A basic color palette contains one cool and one warm hue for each of the primary, secondary and tertiary colors in the color wheel.

Each artist over time develops a preference of color hues to use as their basic color palette.

Palette Tray, Plate or Cups, and Water Containers

These items are used to hold and mix watercolor paints and water to dilute the paints and for cleaning watercolor brushes.

Watercolor Brushes

The standard watercolor brush is made of natural animal hair. Pure red sable is the most popular choice because it handles paint well and retains its shape for many years. Watercolor brushes are also made of camel hair, pony hair, ox hair and synthetic hair.

Brush shapes used by watercolorist include:
Round: This is the 'all purpose' brush shape used for large washes to small fine strokes.
Flat: This brush shape is used for laying straight-edged shapes such as buildings and landscape horizons.
Wash: This wide-shaped brush makes laying large background areas quick and easy.

Masking Fluid

Masking fluid is a white or pastel tinted liquid that is used to coat and protect areas of white on the watercolor paper for creating highlights. After the masking application dries and the painting is finished and completely dry, the masking fluid is rubbed off to expose the highlights.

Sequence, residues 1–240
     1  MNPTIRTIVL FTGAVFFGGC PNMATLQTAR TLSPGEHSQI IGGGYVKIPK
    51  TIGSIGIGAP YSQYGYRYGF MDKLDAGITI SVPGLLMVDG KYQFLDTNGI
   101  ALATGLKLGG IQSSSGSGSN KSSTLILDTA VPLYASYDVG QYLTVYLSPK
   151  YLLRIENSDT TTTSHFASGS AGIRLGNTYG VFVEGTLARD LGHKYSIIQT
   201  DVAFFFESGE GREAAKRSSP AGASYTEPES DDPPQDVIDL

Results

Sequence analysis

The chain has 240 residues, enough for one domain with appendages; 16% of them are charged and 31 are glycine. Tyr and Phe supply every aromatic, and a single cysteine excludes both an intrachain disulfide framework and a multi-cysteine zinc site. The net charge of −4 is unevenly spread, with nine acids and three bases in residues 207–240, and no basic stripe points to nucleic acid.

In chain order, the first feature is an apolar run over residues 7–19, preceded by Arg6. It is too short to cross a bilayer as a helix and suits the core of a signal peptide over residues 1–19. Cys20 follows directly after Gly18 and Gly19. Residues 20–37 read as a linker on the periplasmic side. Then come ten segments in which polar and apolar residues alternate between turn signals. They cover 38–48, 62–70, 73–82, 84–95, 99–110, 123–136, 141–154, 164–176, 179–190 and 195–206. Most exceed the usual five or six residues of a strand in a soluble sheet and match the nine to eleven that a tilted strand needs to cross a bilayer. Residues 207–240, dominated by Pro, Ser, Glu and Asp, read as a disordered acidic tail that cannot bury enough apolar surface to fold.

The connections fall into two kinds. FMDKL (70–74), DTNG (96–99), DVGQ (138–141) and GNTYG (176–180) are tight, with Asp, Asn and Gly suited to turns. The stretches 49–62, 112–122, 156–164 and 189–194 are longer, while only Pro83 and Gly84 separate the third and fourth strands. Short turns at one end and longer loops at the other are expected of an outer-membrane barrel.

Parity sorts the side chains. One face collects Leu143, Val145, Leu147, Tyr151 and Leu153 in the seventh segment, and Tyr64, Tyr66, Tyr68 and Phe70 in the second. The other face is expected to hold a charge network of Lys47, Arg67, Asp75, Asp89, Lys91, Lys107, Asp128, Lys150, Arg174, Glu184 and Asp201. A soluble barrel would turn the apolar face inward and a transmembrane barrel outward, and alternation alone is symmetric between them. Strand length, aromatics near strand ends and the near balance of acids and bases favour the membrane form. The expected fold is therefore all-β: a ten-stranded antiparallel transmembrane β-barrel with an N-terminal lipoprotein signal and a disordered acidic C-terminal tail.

Watercolor Easel, Table Easel or Drawing Table

A watercolor easel or drawing table allows for working on a flat surface while painting wet-in-wet. It also has the ability to adjust the painting angle from horizontal to a slanting tilt for laying washes and painting in an upright position.

The alternative work surface can be a kitchen table, desk or any table-height flat surface and a table easel with adjustable tilting angles.